According to the Inter-American Court of Human Rights, impunity can be understood as being: ‘the lack of investigation, persecution, capture, trial and conviction of those responsible for violations or crimes; regardless of whether the actors are agents of public power or individuals’.

In other words, the perpetrator of a crime who does not receive the corresponding punishment established by law, or who receives a lesser penalty, can be described as being subject to impunity. As a result, the State has an obligation to sanction and enforce a punishment for crimes and thereby manage these criminal incidents by all available legal means, since impunity fosters a culture that encourages the repetition of human rights violations and a sense of total defenselessness for victims and their families.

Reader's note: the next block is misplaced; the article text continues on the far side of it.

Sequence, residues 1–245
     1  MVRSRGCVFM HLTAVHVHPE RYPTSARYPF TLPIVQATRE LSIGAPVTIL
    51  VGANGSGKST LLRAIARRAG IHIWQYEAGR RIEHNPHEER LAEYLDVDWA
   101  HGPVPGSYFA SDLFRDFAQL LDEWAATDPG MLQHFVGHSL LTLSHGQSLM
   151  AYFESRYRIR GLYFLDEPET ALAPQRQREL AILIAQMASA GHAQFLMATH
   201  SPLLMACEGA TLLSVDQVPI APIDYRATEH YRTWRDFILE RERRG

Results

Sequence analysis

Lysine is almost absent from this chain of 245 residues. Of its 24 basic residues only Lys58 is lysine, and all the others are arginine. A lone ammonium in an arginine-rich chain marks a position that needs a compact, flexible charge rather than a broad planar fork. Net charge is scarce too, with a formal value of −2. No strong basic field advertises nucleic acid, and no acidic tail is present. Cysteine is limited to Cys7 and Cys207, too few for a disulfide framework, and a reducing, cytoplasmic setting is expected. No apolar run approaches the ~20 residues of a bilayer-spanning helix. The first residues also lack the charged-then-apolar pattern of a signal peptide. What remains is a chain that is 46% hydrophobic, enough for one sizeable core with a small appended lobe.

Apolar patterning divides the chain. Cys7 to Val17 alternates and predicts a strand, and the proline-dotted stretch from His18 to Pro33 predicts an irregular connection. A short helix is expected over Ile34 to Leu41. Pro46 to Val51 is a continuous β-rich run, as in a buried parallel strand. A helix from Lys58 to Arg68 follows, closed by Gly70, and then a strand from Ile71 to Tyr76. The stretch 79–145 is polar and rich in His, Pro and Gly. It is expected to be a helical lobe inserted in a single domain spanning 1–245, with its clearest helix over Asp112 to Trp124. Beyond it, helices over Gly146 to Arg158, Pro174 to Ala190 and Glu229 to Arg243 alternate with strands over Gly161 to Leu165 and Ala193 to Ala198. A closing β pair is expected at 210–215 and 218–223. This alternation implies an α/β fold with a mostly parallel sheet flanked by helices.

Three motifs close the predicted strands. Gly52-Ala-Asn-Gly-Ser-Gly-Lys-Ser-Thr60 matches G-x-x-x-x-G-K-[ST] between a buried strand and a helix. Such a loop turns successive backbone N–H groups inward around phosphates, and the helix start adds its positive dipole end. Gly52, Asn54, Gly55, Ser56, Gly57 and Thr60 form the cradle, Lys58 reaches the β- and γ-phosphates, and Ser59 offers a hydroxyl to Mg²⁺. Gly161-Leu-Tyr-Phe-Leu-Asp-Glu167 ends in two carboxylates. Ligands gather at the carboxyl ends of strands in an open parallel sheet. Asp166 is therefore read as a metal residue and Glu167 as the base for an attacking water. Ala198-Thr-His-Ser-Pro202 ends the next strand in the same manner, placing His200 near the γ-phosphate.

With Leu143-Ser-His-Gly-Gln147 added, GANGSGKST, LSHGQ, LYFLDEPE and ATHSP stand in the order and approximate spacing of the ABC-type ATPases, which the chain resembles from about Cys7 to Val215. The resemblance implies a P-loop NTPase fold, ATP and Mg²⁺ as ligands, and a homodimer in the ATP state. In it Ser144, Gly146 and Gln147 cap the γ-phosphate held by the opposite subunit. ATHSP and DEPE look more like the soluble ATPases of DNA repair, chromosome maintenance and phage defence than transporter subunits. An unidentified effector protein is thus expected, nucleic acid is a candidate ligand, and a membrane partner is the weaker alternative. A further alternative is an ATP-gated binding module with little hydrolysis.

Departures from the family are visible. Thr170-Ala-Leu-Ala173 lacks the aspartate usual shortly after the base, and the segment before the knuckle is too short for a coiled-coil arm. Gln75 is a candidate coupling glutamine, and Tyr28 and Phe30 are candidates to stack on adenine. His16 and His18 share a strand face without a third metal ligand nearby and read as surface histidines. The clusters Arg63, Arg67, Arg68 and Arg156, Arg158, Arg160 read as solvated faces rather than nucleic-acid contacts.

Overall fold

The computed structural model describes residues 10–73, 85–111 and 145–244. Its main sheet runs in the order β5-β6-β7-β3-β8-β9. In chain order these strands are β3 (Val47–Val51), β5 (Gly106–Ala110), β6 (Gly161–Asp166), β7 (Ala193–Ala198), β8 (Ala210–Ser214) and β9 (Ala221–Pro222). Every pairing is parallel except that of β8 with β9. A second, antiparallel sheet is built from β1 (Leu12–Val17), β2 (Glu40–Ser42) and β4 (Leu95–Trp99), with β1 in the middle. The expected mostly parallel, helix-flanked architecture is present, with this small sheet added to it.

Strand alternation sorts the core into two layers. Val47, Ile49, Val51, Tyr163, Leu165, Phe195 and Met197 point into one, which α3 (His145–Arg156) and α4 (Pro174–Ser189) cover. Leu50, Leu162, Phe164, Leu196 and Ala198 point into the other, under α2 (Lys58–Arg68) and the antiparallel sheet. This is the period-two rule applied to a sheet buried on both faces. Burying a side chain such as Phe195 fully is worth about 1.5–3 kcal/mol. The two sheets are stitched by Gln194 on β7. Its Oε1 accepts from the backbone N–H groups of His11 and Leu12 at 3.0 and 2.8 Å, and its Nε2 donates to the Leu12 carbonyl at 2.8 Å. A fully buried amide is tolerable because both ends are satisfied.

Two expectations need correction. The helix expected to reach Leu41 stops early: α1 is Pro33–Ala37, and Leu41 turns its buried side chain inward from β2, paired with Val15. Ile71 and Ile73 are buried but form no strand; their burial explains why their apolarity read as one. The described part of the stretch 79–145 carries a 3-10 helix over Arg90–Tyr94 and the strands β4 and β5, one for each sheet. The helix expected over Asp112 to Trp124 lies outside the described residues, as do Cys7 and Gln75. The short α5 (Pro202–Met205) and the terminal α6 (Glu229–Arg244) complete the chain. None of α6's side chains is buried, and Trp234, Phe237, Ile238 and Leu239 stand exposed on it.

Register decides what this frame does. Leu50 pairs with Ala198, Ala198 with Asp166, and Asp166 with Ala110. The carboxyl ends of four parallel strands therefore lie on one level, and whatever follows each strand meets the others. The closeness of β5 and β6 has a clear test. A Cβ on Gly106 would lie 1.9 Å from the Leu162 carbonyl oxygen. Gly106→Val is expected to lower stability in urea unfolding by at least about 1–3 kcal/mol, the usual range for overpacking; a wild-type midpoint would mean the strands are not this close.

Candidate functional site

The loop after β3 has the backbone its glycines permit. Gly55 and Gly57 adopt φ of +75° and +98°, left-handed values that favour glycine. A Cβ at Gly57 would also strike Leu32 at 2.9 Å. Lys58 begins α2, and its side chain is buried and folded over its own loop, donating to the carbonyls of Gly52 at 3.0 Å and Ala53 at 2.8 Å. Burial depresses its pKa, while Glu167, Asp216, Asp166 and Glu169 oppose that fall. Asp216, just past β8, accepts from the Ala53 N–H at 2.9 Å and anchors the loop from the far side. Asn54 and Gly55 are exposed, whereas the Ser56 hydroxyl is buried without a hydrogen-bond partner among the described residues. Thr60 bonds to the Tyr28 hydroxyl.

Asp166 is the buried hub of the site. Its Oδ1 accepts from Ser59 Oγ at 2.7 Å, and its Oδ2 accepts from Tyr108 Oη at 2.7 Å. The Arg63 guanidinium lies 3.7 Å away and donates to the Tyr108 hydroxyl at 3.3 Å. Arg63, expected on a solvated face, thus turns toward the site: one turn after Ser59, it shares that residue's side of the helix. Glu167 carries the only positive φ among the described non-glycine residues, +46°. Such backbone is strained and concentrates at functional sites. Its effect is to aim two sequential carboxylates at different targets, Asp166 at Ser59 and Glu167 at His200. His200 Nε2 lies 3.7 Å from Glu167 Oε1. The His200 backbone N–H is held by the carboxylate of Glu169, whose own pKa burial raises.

Incidences of impunity should be assumed by the State as part of its own legal duty, rather than viewing it as the simple management of particular interests, which depends on the procedural initiative of the victim or their family members to pursure appropriate reparations for the damage established by retributive justice.

Impunity is an anomaly or an irregularity that is present in every political regime and social order. Therefore, levels of impunity can be gauged through demographic studies that question people about the crimes they have been the victims of and the attention paid by the justice system with regard to their case.

How do you think we could we prevent impunity in Colombia?